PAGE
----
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Roaring or Yawning

33cscreenshotPost 4 in a weekly series.

A deaf man walks across the savannah, and spots a lion. The lion has its mouth open, and teeth exposed. It could be roaring, or it might be yawning. The sound the lion’s making is imperceptible to the man, so he’ll need some other way to be sure about the lion’s intentions.

Last week, in a post about the lack of videos to show school life to the community, I mentioned that the reasons one does not see more videos are both cultural and political. The cultural part involves relying on a single publisher with an apparent aversion to some media. Relying on the most traditional methods to get something done is a declining, yet lingering, cultural aspect of life here. Using newsprint, perhaps a website that simply imitates the most traditional styles of newsprint, is easier than doing one’s own work. Easier, and likely somehow more reassuring to older, or old-minded, policymakers. (As a self-interested matter of blogging, by contrast, nothing could have been more advantageous these last nine years than very traditional newspapers, a website that imitated that style, and policymakers who sought to live as though that were all the world. One could not have asked for better foils than those.)

Bu there’s almost certainly a political calculation, too: what if one walks outside, and encounters a lion? After all, from the point of view of Central Office, there have been lions in the past, and there might be some now. Worse, they might start roaring, and after roaring, then eating. Better to be cautious, in this way of seeing things, than to find oneself in a lion’s stomach.

I don’t know if there be political lions within the boundaries of the Whitewater Unified School District. It’s possible, but I’m not convinced (at least by the definition of lion one would derive from, let’s say, events of a decade or so ago). One would have seen more movement over the last referendum (and I, too, thought it would be closer than it was) if there were lions in the tall grass. In any event, this area doesn’t have anything like a single major political player. (That pleases me, but it would equally be true even if it didn’t please me.)

There’s so much caution, calculation, etc., in Central Office. Much of it seems designed as a roaring-lion-avoidance policy.

What if the lions (should there be any) or the many other animals of the area are not roaring at all, but yawning? Tired of a this-is how-we’ve-always-done-it approach – perhaps that’s closer to where we are as a community.

I’ll tell you a story about exhaustion. A few years ago, I attended a journalists’ banquet, not because I think of myself that way, but because I wanted to see how they thought of themselves. (By chance, I found myself seated at the guest speaker’s table, something I thought funny: the blogger had one of the best spots in the house.) But what I saw that night surprised me, too: prominent journalists, seeming tired, old, worn out. Many were my own age, but no one of similar age in my family looked so tired and uncertain as many of the invited, investigative journalists did. It was upsetting to see people this way. My father, when he was by age a generation older than most in the room were that night, was easily more focused, intense, energetic in his manner. I left the dinner concerned over what I saw: people committed to the right things, but weary, almost prematurely old.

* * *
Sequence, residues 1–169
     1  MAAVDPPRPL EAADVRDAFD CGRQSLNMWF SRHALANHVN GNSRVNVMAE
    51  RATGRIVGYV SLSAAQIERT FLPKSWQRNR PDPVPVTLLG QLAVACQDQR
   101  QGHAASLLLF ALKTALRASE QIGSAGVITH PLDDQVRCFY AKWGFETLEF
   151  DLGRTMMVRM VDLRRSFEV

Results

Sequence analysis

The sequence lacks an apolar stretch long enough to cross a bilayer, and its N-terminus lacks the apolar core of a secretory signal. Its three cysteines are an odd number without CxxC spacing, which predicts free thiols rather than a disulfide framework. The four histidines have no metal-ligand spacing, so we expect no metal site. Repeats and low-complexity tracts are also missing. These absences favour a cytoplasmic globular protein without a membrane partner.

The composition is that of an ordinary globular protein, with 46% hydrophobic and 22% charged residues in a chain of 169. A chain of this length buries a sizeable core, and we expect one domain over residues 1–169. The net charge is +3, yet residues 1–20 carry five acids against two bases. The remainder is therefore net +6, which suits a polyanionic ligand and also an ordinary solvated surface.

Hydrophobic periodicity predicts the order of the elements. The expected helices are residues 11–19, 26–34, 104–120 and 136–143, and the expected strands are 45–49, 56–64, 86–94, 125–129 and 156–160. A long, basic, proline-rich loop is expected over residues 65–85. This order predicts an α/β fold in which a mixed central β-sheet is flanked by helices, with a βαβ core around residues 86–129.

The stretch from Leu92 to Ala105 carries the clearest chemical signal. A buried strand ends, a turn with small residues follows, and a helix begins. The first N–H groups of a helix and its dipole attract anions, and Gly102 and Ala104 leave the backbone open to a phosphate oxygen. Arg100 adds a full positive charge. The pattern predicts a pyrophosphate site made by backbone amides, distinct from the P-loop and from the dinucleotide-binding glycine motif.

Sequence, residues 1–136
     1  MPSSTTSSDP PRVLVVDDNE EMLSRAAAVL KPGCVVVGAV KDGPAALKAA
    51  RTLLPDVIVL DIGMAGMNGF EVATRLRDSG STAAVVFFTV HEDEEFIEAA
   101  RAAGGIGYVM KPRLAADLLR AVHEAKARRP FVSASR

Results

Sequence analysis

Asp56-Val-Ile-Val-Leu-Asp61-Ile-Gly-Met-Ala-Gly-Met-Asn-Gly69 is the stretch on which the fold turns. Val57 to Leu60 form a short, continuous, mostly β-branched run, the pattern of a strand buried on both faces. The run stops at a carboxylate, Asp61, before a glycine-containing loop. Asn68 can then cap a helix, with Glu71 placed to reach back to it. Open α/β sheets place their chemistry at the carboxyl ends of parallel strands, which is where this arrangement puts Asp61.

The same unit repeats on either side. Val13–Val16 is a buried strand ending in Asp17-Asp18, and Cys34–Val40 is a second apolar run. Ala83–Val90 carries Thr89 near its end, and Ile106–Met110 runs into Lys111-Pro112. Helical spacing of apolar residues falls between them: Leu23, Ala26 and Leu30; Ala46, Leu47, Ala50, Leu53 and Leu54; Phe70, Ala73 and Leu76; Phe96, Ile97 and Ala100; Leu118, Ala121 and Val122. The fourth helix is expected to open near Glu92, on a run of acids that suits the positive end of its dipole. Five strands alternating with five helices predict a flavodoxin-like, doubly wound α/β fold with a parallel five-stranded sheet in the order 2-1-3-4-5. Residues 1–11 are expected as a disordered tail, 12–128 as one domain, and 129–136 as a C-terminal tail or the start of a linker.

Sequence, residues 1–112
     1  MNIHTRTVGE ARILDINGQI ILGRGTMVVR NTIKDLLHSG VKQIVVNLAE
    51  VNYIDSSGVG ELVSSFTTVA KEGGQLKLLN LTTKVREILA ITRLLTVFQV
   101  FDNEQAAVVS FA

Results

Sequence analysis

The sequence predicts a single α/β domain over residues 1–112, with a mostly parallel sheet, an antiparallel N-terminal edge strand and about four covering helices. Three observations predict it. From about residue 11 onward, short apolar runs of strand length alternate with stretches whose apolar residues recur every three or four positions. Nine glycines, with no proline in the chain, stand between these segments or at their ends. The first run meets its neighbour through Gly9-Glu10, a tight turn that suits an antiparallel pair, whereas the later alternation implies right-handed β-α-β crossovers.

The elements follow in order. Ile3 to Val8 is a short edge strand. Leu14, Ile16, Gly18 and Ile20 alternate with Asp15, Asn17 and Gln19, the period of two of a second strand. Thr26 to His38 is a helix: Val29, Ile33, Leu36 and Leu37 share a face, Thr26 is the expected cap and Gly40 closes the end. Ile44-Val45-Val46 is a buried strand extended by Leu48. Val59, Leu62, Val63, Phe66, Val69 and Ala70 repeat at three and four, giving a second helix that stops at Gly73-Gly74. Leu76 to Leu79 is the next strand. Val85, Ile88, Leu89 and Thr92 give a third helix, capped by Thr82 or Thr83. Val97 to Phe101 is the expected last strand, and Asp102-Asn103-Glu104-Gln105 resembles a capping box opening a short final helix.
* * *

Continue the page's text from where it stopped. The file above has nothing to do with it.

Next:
Perhaps the challenge of this community in the next few years is not roaring, but yawning, not of energy, but of exhaustion.

Here one thinks not of a few officials, but of many within the community.

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4 comments for “Roaring or Yawning

  1. J
    02/02/2016 at 12:55 PM

    Interesting perspective. (On campus exhaustion is definitely a problem. It’s worn faculty down. Students don’t care for the administrative rah-rah anyhow. That’s show for the town.) If the bigger problem is exhaustion, what’s the answer?

  2. JOHN ADAMS
    02/02/2016 at 1:28 PM

    Go bold and creative: sleepy lions will be impressed and hungry ones (if there should be any) will be more easily managed.

    Video, about which I spoke last week, is a surrogate for actual attendance at an event; it’s imperfect, but it takes people closer to the action than even most photographs do.

    There is no outreach event that this district holds that captures more people than Science Night. Anything of that kind truly moves visitors: we (Americans) are an experimenting people, committed to science and technology. Events that invite the community to watch something happen are best; video of those events is an imperfect but powerful facsimile.

    The least valuable coverage of the district is from newspapers: dull, read only by a (mostly) aged cohort, and no defense whatever against a serious – or sad to say even a conniving – line of attack. (If there should ever be a lion around these parts, he’ll chew through the DU without burning a single calorie for the effort.)

    Seeing, touching, feeling – they revitalize the tired, restoring them to a commitment, to a cause. It takes more than an exclamation point to restore. It troubles me that communities nearby seem weary; our society is historically a dynamic one.

    Perhaps it’s this: Too much worry about fiery debates, with too little worry about people falling asleep in the audience.

  3. IN
    02/02/2016 at 3:22 PM

    Is there a special motivation for this post?

    • JOHN ADAMS
      02/02/2016 at 3:28 PM

      Yes. Announcements about spending requests are prudently framed only after a presentation of what’s happening now. Most political calculations of what’s happening now probably overestimate the lion count, but also overestimate the effectiveness of existing communications to a weary community.